That’s how Aretha Franklin describes The Swampers, the legendary house band at FAME Studios in Muscle Shoals, Alabama, in the star-studded documentary Muscle Shoals.
The band, including bassist David Hood, then went on to co-found the iconic Muscle Shoals Sound Studios in 1969, solidifying the tiny town’s place in music history.
The records created at the two studios in Muscle Shoals almost boggle the mind, ranging from The Rolling Stones’ “Brown Sugar” and Wilson Pickett’s “Mustang Sally” to Paul Simon’s “Kodachrome” and the original version of Lynyrd Skynyrd’s “Freebird.”
The Muscle Shoals Rhythm Section (a.k.a. The Swampers) played on The Staples Singers’ “I’ll Take You There,” which features one of R&B’s definitive bass lines from Hood, and also provided the backing on a slew of Aretha Franklin’s late 1960s hits. The band known for its funky sound is even immortalized the Lynyrd Skynyrd “Sweet Home Alabama” line “Now Muscle Shoals has got The Swampers…”
The key to that sound, as revealed in the documentary, may have something to do with the strong bass and drum sound favored in Muscle Shoals.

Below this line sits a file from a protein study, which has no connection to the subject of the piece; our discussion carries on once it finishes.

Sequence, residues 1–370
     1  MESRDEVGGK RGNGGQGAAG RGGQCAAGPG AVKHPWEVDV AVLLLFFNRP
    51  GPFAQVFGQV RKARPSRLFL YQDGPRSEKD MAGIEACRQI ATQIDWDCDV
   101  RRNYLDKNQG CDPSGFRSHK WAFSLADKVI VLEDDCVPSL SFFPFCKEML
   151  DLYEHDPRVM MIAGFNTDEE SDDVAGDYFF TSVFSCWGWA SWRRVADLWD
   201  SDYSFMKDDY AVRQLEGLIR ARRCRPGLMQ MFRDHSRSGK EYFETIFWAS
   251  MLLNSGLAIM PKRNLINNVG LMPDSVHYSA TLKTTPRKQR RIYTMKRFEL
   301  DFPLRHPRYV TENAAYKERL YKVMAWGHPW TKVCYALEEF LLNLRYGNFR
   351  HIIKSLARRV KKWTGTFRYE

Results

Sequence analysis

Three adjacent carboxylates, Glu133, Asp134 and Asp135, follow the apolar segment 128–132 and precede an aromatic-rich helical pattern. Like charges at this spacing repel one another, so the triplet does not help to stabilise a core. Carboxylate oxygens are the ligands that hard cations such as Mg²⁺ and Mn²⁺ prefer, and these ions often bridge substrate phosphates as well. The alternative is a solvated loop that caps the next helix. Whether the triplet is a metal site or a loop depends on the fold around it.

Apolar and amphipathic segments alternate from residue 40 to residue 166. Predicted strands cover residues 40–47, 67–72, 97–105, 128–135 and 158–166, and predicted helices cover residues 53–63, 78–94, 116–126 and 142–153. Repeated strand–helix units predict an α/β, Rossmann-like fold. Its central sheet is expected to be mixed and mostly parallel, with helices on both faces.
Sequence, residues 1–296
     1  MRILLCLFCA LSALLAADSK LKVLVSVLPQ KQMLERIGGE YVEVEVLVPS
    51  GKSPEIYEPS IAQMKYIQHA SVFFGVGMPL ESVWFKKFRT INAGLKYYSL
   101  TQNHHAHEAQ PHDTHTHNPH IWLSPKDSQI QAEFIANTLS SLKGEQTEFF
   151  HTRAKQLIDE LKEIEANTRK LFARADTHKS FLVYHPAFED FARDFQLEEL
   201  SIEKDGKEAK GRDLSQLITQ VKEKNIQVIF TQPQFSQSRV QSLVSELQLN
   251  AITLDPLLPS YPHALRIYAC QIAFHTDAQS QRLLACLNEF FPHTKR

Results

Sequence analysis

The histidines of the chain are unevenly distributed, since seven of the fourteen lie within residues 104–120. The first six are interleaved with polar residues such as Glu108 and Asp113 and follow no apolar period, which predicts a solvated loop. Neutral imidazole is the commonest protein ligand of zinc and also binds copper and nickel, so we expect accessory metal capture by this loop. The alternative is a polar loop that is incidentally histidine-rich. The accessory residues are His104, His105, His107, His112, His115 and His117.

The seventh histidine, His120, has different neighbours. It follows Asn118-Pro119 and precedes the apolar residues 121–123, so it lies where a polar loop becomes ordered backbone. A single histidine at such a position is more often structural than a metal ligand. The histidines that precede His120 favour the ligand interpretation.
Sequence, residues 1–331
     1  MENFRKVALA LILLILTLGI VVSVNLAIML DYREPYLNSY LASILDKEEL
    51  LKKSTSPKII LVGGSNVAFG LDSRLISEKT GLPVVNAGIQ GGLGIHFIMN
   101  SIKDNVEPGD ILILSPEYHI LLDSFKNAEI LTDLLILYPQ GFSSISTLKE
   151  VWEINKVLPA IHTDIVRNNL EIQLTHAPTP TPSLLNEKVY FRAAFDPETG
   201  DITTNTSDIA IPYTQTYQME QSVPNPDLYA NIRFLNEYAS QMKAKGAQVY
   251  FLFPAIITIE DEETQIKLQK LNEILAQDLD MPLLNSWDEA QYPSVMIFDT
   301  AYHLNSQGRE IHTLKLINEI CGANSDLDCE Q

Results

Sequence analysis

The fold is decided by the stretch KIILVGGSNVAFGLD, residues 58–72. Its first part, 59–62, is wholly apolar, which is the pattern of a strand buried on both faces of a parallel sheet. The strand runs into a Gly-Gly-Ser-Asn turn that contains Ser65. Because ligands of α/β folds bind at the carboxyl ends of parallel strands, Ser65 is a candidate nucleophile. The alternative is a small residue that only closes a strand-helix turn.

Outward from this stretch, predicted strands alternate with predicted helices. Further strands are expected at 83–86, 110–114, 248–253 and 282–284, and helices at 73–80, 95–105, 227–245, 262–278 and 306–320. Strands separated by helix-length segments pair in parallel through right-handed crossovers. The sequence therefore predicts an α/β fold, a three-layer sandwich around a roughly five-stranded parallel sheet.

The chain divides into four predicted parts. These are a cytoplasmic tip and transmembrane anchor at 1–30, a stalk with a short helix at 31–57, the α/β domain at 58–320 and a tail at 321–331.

The story of FAME, its rival Muscle Shoals Sound, the artists who recorded in the studios, and even the qualities of the town itself conducive to the making of music, is told in high style in Muscle Shoals.
Asked about what he thought the attraction was for people to come to Muscle Shoals record in our interview with Hood, the bassist said, “I think everybody came because they heard something that we had already done. If it was a hit record, and everyone wants a hit record, they would come for that. If they liked a sound, they would come for that sound…”
The documentary delves into the life of FAME founder Rick Hall — his successes, tragedies, the split with The Swampers, and his misses — for example, he wasn’t up for letting tape just roll as session guitarist Duane Allman explored his own sound. The late Allman, of course, went on to create The Allman Brothers Band with brother Greg.
Along with interviews with Hall and The Swampers, the film also includes conversations with a multitude of the artists who recorded hit records in the little town, including Steve Winwood, Jimmy Cliff, Aretha Franklin, Keith Richards, Mick Jagger and Percy Sledge.
If you love pop/soul/rock/R&B history, this is a documentary to see. For a little extra info about the movie, head over to the official movie site. You can check out the trailer here, too: